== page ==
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Revealing Reconstruction History, Dancers Adapt To The Pandemic, And A Mountain Biking Club Empowering Women

Roanoke Valley Riveters
Heather Rousseau The Roanoke Times
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Heather Rousseau, The Roanoke Times
Erin Puterbaugh, 39, of Roanoke is one of the four founding members of the Roanoke Valley Riveters. She rides a feature at Carvins Cove on the Rock-N-Roll mountain bike trail over the summer. Her advice to fellow women riders is, "Don't be intimidated. There's somebody out there who wants to ride with you, there's somebody out there who is willing to wait and coach you, and that's what we want to offer the community."

Think back to your American history class. We all learned about the Civil War, but what did you learn about the years after the war ended? On Inside Appalachia this week, we’ll hear how that history parallels events today. We’ll also learn about a women’s mountain biking group called the Roanoke Valley Riveters, how a dance company in Asheville has adapted during the pandemic, and hear about a podcast that features first-hand accounts of West Virginia healthcare workers.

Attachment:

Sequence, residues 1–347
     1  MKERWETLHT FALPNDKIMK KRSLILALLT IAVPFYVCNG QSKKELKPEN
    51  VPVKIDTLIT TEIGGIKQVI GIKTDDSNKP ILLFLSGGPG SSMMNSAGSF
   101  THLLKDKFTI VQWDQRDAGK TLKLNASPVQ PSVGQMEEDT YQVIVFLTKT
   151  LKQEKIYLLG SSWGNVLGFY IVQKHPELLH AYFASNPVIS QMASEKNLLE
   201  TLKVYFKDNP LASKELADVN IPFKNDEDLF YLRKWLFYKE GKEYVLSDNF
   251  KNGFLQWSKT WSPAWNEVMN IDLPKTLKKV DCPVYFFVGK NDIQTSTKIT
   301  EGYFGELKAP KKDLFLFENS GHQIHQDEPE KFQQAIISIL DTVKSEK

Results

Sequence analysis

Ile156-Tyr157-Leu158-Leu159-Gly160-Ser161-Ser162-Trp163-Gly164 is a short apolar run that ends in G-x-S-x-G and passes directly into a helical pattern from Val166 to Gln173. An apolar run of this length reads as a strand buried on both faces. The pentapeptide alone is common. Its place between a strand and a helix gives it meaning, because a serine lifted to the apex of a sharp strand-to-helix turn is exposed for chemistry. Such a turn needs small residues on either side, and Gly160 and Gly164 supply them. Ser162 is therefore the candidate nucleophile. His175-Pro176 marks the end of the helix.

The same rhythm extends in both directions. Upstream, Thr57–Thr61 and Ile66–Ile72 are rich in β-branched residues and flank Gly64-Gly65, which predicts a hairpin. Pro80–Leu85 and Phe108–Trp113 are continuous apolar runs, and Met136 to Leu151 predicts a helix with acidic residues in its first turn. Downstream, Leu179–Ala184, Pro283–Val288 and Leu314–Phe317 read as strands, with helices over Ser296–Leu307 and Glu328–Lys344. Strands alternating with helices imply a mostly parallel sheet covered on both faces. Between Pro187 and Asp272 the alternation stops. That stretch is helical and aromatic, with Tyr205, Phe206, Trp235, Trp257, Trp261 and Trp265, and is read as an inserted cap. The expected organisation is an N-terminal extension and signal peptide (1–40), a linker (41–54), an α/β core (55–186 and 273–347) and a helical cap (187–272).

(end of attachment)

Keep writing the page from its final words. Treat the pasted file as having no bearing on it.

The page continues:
In This Episode:

A Mountain Biking Club Empowering Women 

In Roanoke, Virginia, a women’s mountain biking group is blazing through 60 miles of trail inside a nature preserve. The group, the Roanoke Valley Riveters, was formed during the coronavirus pandemic in September 2020 when members saw a need for a female-focused cycling group. A little more than a year later, photojournalist Heather Rousseau created a seven-and-a-half-minute short film about the Riveters. She spoke with Inside Appalachia co-host Mason Adams about the project. You can watch Rousseau’s film here.

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Heather Rousseau, The Roanoke Times
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Heather Rousseau, The Roanoke Times